All articles in NSAC’s social anxiety blog are written by actual human beings, not artificial intelligence. Our authors are all mental health clinicians who have expertise in evidence-based treatment for social anxiety disorder, and who are affiliated with NSAC Regional Clinics and Associates.


Many people mistake social anxiety with introversion. Introversion is a perfectly normal personality trait. More precisely, there is a continuum from extroversion to introversion that describes one dimension of personality. Those who are relatively extroverted have an innate disposition to interact with many different people, often in groups. Those who are relatively introverted are more disposed to solitude and interactions with fewer persons, often one at a time.

Extroversion and introversion simply describe one element of our basic temperament: what feels natural to us, rather than what feels like work. There is evidence suggesting that there is a genetic basis for introverted and extroverted temperaments. But that doesn’t mean we can’t behave in a way that doesn’t come naturally when a situation calls for it. Healthy people are capable of, and often engage in, both extroverted and introverted activities since each has its advantages. For example, extroverted settings (eg. mingling in groups) are often more conducive to meeting people and developing support networks. On the other hand, introverted settings (one on one) tend to be more conducive to getting to know people well and developing close relationships.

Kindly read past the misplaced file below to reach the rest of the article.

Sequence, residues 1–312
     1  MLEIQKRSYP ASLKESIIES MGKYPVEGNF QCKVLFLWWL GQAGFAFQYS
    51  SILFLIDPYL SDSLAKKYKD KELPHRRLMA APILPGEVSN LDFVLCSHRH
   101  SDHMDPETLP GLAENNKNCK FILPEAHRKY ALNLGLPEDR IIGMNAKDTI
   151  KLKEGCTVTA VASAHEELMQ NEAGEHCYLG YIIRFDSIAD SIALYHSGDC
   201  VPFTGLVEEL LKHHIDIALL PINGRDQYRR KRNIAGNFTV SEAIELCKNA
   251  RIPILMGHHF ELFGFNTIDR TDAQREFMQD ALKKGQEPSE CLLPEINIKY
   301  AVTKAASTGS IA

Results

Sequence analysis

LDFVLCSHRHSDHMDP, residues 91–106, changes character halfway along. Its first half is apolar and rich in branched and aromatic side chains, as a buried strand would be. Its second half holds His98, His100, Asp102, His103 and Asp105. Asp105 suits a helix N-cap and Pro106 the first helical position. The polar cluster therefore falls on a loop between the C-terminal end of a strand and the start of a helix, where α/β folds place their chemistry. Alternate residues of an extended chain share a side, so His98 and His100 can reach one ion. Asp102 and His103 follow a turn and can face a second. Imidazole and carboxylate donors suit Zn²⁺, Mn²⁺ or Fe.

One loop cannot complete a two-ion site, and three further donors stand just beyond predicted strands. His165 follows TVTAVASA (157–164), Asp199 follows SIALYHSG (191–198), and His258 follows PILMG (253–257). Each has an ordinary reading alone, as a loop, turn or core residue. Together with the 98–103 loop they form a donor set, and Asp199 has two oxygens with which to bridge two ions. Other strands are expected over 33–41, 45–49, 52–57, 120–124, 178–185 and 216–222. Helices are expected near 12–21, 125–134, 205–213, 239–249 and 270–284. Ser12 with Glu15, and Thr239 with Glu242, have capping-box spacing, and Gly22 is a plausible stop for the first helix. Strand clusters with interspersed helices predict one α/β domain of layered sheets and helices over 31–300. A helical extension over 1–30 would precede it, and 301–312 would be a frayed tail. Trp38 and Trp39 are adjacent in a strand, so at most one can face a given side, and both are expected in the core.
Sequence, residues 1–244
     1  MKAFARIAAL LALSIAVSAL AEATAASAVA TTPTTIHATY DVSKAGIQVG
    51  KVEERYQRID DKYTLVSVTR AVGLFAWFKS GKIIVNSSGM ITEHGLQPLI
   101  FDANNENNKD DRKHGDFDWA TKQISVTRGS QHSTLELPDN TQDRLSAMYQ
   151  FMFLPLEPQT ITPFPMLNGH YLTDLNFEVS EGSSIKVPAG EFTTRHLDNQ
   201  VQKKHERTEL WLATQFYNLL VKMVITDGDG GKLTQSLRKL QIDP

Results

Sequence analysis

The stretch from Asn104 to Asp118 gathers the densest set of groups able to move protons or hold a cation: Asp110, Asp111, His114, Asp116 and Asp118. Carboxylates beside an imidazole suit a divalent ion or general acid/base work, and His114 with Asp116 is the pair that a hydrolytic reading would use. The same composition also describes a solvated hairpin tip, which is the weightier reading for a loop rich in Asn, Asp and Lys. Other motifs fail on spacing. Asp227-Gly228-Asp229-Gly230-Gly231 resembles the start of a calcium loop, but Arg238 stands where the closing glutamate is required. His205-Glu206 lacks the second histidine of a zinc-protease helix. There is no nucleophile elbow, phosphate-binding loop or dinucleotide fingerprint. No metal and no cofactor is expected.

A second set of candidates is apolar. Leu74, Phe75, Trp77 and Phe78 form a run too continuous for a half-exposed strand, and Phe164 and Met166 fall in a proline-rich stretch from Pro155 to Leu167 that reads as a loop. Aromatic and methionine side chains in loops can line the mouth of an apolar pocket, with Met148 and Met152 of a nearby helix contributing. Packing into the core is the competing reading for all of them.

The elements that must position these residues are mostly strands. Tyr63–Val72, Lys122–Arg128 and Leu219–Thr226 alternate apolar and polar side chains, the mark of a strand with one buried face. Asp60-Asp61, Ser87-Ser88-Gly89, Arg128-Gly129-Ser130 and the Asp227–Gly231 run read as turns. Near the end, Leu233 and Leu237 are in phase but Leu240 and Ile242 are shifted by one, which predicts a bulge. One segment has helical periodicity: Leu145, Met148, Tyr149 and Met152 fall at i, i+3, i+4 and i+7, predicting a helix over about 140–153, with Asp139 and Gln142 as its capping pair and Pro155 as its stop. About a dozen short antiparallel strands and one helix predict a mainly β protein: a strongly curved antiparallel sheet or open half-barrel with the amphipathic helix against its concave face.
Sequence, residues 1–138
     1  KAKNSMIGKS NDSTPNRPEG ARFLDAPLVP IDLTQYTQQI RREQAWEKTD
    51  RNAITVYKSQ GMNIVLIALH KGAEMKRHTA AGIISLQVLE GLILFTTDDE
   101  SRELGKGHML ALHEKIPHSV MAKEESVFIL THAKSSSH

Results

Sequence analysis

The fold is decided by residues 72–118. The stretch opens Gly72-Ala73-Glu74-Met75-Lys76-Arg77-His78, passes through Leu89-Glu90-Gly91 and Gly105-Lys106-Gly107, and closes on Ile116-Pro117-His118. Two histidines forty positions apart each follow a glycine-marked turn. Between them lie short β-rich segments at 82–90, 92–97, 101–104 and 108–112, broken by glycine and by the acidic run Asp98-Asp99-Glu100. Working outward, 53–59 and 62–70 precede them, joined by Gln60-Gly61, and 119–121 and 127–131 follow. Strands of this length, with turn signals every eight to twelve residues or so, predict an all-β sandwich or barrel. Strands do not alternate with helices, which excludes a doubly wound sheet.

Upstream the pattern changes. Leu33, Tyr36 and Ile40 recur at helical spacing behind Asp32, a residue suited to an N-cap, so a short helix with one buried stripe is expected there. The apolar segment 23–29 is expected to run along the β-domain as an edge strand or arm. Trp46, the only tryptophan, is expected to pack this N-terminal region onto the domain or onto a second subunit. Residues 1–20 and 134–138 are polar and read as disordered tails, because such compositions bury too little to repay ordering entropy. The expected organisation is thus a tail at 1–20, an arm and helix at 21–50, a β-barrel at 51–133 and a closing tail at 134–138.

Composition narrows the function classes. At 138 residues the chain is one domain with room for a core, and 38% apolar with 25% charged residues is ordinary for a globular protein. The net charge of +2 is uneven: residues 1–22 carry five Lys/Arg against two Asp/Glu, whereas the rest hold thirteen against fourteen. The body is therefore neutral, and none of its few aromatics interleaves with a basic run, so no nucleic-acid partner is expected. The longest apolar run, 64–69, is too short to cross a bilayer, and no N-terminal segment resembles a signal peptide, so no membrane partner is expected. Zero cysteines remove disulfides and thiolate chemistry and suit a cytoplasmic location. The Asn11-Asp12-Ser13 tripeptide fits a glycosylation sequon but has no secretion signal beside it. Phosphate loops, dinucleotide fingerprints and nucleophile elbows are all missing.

Social anxiety, by contrast, is based on a tendency to overestimate the likelihood and the cost of social risk (judgment, rejection and embarrassment), and to underestimate our ability to cope with such fears coming true. Extroverts and introverts alike may suffer from social anxiety. Nor are all introverts socially anxious.

Socially anxious extroverts may be fearful of being assertive, speaking in front of groups or talking to attractive strangers…just like socially anxious introverts. When they are feeling socially anxious, extroverts often behave in an avoidant or withdrawn manner which many people misinterpret as meaning they are introverts, but really just means they are feeling uncomfortable and unconfident.

I believe that the basic goal in cognitive-behavioral therapy for social anxiety is to help extroverts and introverts alike feel more self-confident and comfortable interacting with others in whatever settings they either desire or need to participate. I believe it is both ineffective and unethical to try to change those who are temperamentally introverts into extroverts…or vice versa. Such efforts are not only bound to fail, but they tend to reinforce the unhealthy core beliefs about personal deficiency that help cause social anxiety in the first place.

Larry Cohen, LICSW
Cofounder, National Social Anxiety Center; Director, NSAC District of Columbia
[email protected]; 202-244-0903

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